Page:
Replisaurus decloaks with “middle of the line” metallization tech

by Françoise von Trapp, managing editor, Advanced Packaging

June 11, 2008 — Replisaurus has maintained a low profile since announcing their first round of funding in August 2006, but there has been a lot going on for the start-up company. With last week’s announcement of the company’s acquisition of Smart Equipment Technologies (SET), the company is ready show the world what it’s been up to.

“What we wanted to do was avoid going out and creating lots of hype about our technology while it was being developed,” explained CEO Jim Quinn, in an interview. “Now it’s time to start being more visible.”

Replisaurus has developed a proprietary process called electrochemical pattern replication (ECPR) which Quinn calls a “middle of the line” process, bridging the gap between front- and backend processes. “It can run metallization for wafer-level packaging, or go below the passivation layer,” he explained. This metallization transfer process eliminates lithography and photoresists, reducing traditional eight-step lithography metallization down to three steps, the company claims [see Figures 1-2]. In the first step, a master wafer patterned with insulating material and pre-filled with copper is aligned with the target wafer, which is flooded with electrolyte. In the contact mode, the two wafers are joined and current is applied to the master wafer which ionizes the copper and transfers it to the target wafer. After the metal transfer, the master and substrate are separated and the replication is complete. In production, all three steps — fill, transfer and clean — are performed in parallel.

With ECPR, traditional eight-step lithography based metallization…

“This is a completely fab-friendly, environmentally clean process,” said Quinn. He added that ECPR redefines metallization by reducing a one-hour process to five minutes, reducing the eight steps to three (requiring one tool vs. six, with no solvents or developers), and removes cost and complexity from conventional processes.

…is reduced to three-step direct metallization. (Source: Replisaurus)

Initially, the technology will target wafer level packaging applications such as creating the redistribution layer (RDL) for integrated passives, achieving ultra-fine pitch copper pillars, and via filling for 3D integration. And that’s where SET comes in. “Start-ups are needed to develop technology,” noted Quinn, “but you need the infrastructure of an established equipment company to roll out the product.” Initially, the company purchased a tool from what was then Suss MicroTec France and retrofitted it with their chamber that runs the ECPR process. The Titan, originally developed for copper-to-copper bonding, became the Pattern Replication Aligner. Thus, Suss became their equipment supplier, which gave Replisaurus a headstart as they wouldn’t have to develop a tool from scratch.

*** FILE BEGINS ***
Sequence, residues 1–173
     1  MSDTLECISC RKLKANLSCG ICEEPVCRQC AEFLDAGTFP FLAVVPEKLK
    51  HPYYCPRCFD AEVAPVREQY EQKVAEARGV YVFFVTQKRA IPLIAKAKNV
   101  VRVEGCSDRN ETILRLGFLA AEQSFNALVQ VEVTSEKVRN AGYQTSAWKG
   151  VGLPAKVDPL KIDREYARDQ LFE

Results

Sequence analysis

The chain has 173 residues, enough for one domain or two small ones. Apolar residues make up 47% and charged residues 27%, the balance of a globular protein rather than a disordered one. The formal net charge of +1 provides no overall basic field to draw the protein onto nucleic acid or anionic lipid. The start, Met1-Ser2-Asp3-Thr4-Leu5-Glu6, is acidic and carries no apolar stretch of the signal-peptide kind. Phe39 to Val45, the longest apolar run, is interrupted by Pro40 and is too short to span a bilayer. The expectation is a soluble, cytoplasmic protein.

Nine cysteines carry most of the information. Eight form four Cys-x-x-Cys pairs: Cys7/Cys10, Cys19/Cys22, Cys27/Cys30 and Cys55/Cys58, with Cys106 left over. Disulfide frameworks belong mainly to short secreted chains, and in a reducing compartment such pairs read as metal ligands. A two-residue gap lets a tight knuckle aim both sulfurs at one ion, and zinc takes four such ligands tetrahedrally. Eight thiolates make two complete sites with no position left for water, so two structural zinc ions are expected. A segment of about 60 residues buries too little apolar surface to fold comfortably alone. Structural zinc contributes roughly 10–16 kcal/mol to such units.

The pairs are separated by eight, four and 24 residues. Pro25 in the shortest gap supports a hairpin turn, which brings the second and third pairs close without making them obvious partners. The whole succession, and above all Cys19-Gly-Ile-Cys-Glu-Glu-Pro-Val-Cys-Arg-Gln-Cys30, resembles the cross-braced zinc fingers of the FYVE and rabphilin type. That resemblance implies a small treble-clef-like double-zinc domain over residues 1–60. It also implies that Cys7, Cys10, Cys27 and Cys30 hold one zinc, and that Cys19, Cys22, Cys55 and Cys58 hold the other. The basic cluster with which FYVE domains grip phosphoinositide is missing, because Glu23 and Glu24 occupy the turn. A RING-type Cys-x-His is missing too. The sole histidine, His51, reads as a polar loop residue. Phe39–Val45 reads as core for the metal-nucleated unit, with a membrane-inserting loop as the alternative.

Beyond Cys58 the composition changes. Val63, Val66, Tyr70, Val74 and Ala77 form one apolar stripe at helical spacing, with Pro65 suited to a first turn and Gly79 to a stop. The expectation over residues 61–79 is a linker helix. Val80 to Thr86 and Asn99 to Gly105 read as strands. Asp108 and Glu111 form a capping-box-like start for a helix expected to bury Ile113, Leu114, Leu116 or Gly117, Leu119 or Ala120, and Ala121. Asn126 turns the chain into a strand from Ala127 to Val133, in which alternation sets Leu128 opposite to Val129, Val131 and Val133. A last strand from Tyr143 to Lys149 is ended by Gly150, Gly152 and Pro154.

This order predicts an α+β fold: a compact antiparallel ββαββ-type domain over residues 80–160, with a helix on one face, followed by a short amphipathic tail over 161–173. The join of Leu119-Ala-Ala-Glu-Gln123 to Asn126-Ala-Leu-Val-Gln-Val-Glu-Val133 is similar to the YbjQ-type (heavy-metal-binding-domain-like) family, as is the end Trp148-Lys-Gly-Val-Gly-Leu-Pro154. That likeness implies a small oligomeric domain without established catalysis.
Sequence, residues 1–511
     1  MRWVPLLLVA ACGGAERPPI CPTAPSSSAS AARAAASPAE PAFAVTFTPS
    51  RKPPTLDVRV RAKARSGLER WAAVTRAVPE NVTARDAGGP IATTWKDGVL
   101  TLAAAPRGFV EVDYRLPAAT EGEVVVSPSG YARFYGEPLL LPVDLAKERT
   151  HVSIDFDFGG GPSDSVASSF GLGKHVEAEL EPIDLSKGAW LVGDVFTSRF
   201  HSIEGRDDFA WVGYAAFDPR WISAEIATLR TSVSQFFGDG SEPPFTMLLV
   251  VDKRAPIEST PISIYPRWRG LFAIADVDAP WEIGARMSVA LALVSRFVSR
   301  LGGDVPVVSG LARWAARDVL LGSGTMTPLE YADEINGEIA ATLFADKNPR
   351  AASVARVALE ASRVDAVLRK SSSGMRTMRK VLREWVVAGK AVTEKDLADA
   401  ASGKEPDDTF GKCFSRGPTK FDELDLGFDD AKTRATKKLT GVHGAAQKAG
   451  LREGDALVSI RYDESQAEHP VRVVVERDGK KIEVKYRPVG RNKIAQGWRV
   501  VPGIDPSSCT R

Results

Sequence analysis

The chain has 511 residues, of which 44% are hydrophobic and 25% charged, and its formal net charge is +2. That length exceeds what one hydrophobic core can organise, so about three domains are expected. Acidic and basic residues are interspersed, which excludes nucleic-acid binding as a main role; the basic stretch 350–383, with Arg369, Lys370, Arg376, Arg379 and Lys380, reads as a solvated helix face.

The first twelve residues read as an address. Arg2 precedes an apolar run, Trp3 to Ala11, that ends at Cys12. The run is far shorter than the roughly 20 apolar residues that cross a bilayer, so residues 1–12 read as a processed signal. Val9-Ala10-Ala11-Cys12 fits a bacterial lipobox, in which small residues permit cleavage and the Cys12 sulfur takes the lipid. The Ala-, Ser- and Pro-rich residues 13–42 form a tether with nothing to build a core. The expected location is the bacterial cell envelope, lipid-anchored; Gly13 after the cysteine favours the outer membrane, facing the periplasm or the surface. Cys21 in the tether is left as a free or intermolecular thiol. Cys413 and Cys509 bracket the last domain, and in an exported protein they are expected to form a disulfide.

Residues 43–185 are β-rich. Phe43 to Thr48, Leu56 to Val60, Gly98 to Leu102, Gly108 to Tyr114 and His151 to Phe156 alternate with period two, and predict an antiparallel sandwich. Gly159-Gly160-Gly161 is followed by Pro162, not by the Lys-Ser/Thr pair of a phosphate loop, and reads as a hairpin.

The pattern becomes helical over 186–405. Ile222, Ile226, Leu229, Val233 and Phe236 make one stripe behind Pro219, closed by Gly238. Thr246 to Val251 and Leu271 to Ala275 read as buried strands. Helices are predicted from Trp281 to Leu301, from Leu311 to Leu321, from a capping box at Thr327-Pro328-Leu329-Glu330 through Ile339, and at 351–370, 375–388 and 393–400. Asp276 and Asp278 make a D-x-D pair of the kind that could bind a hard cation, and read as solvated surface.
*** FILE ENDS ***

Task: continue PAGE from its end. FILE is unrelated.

According to Quinn, the decision to acquire SET came after last year’s management buyout, when Gaël Schmidt, managing director and president of SET bought Suss MicroTec’s die bonder division. Concerned about the impact it might have on Replisaurus, the natural progression was to acquire the company. SET’s product portfolio comprises a device bonder, a chip-to-wafer bonder, a nanoimprint lithography station, and now the pattern replication aligner. SET is a wholly-owned subsidiary of Replisaurus, with both companies managing their own divisions and operating from France and Sweden, respectively. Although no final decision has been made, Quinn noted that both brands will be optimized to promote their strengths.

While SET’s products continue to be marketed, the ECPR has reached first demo stage (1-2 and 20 wafers of 1- and multilayer), and plans to engage customers in extended demos by 2009 (20 wafers both 1- and multilayer, in production runs of 10-20 batches of 250-500 wafers). First tools are expected in the market by 2010, with pilot production extending the demos with several more batches. F.v.T.


Easily post a comment below using your Linkedin, Twitter, Google or Facebook account. Comments won't automatically be posted to your social media accounts unless you select to share.